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Rise in reports of toxic blue green algae
Blue green algae blooms appear as green or greenish-brown scum on the surface of water.

BVA issues warning after affected water bodies confirmed 

A rise in reports of toxic blue green algae in several locations across the UK has prompted the BVA to issue a warning to pet owners.

So far this summer, blue green algae has been confirmed in water bodies in Southampton and Fleet in Hampshire, Edinburgh and Elgin in Scotland, Cornwall, Leicestershire, Derbyshire and Lincolnshire, among other locations.

Meanwhile, three dogs in North Carolina died this week, just hours after swimming in an affected pond.

BVA’s junior vice president Daniella Dos Santos said: “We know that some dogs enjoy nothing better than a paddle in a cool lake while on a walk during summer months, but my advice to pet owners would be to keep your dog on a lead during walks near water confirmed to have toxic algal blooms.

"While not all blue green algae are poisonous, it is impossible to tell the difference visually, so it is better to be safe than sorry.

“There is currently no known antidote for the toxins, so prompt veterinary treatment is essential to tackle their effects and ensure a good chance of recovery. If you suspect your dog has been exposed to blue green algae, rush it to your local vet without delay."

Blue green algae blooms appear as green or greenish-brown scum on the surface of water and can contain toxins that are harmful to animals, even in small quantities. Dogs swallow the algae by drinking the water or licking their fur after a swim.

Symptoms appear within a few minutes or hours of exposure and can include vomiting, diarrhoea, drooling, disorientation, difficulty breathing, seizures and blood in the faeces. Left untreated it can cause liver damage and rapid death.

BVA’s advice to pet owners:

  • look out for any warning signs put up by the Environment Agency or local councils near water bodies
  • keep pets on a lead and by your side around water bodies known or suspected to have blue-green algal bloom – don’t let them swim in it or drink from it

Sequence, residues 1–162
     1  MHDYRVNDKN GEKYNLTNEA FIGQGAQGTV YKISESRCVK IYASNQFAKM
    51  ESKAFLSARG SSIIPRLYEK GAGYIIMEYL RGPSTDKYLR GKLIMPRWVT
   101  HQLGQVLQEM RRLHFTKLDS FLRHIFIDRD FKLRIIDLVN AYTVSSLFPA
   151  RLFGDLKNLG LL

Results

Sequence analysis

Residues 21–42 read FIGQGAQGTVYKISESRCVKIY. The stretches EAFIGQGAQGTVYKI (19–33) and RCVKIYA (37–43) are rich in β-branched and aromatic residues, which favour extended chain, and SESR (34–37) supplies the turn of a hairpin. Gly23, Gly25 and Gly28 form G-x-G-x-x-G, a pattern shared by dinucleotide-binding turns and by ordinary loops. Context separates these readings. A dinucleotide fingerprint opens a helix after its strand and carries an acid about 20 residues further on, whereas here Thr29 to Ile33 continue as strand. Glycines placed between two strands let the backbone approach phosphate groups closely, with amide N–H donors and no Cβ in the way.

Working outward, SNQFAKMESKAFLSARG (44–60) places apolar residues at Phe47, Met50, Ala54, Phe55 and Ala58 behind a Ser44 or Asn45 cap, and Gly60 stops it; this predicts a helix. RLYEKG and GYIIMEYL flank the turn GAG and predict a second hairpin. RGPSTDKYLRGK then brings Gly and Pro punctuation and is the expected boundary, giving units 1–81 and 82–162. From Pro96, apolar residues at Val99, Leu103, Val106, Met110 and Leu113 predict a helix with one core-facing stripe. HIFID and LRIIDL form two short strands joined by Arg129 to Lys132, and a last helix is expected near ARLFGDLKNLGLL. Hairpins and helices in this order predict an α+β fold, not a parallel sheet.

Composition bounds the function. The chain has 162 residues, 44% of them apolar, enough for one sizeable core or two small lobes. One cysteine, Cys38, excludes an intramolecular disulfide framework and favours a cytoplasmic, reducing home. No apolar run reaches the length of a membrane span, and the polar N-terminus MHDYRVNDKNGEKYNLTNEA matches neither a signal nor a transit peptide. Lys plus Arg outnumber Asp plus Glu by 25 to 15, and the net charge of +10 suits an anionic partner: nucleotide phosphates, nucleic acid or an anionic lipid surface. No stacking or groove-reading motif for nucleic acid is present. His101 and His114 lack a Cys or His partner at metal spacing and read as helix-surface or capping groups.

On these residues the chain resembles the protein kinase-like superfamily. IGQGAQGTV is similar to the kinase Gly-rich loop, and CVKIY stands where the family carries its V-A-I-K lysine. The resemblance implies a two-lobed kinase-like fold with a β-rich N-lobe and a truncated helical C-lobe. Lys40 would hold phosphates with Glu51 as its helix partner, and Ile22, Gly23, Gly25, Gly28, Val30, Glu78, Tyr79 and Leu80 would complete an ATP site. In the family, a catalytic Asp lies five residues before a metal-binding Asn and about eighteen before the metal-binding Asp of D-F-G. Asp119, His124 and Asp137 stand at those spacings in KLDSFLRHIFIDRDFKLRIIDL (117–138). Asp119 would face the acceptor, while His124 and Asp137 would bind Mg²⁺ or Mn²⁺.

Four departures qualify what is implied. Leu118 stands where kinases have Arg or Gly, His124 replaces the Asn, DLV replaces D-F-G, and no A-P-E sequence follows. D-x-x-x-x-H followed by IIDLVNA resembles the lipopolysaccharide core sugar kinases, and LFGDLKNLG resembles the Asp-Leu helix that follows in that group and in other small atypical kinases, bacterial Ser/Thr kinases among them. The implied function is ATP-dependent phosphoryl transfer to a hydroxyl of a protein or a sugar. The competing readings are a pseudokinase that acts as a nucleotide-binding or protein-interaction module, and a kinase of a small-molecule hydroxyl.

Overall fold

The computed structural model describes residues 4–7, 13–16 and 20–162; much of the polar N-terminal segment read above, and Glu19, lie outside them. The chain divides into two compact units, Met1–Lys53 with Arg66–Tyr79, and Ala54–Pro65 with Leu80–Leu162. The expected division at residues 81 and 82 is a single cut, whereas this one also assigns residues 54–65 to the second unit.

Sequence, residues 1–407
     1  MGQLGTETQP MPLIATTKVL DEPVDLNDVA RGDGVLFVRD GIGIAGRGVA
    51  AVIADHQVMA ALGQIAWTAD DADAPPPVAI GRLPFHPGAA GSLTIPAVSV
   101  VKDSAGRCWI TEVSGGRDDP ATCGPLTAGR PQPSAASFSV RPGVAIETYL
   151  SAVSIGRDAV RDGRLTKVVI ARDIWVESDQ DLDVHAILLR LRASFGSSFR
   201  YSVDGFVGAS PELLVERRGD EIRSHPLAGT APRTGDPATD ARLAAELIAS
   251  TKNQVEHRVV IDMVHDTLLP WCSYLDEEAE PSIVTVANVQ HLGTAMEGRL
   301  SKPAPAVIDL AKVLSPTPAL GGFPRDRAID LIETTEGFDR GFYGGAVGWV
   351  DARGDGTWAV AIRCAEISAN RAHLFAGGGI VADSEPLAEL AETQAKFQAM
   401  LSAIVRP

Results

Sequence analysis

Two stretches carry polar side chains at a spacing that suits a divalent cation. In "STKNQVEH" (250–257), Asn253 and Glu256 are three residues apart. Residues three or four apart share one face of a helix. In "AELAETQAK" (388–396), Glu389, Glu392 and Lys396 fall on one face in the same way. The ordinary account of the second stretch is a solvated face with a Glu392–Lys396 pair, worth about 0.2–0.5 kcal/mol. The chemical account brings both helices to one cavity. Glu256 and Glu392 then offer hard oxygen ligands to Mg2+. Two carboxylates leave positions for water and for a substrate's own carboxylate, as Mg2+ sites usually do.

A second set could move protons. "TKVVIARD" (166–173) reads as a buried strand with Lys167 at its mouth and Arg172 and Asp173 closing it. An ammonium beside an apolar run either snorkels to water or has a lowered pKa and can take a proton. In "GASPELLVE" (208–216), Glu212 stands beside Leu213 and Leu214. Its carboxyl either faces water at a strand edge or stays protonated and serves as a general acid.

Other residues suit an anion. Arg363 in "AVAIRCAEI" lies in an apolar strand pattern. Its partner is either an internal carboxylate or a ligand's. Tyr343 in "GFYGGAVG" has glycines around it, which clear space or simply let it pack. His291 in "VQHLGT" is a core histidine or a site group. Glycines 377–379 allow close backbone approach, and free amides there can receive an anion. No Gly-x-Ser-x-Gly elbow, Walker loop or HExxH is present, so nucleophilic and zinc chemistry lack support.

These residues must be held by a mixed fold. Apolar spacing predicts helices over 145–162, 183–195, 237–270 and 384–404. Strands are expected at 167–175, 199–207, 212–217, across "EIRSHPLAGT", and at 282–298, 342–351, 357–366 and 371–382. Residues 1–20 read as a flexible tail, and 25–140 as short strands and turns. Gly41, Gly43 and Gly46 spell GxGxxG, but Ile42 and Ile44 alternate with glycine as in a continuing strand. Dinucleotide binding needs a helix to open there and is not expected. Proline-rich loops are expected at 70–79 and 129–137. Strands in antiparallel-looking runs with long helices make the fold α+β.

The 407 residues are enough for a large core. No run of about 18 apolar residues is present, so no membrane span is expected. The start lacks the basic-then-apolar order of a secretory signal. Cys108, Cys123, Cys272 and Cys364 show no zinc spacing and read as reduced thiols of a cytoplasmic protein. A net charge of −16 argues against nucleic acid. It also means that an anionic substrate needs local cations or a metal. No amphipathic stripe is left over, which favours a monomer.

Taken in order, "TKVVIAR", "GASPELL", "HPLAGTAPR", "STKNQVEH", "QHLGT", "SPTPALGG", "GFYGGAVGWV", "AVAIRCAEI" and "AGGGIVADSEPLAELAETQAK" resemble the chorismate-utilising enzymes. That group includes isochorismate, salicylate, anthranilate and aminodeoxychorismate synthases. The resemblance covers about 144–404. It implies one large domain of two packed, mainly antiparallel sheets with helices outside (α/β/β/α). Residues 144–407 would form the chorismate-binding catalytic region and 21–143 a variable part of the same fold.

• if your dog has been swimming outside, wash it thoroughly with clean water afterwards
  • rush your pet to a vet immediately in case you’re concerned it may have ingested toxic algae. 


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Pair of endangered Amur leopard cubs born at Colchester Zoo

News Story 1
 Keepers at Colchester Zoo are hailing the arrival of a pair of critically endangered Amur leopard cubs.

The cubs were born to first-time parents Esra and Crispin on the 9 September. This is the first time the Zoo has bred Amur leopard cubs on-site.

Amur leopards originate from the Russian Far East and north-east China. In the wild they are threatened by climate change, habitat loss, deforestation and the illegal wildlife trade.

The cubs are said to be “looking well” and are expected to emerge from their den in a few weeks.  

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RCVS names Professor John Innes as chair of Fellowship Board

Professor John Innes has been elected chair of the 2019 RCVS Fellowship Board, replacing Professor Nick Bacon who comes to the end of his three-year term.


Professor Innes will be responsible for making sure the Fellowship progresses towards fulfilling its strategic goals, determining its ongoing strategy and objectives, and reporting to the RCVS Advancement of the Professions Committee on developments within the Fellowship.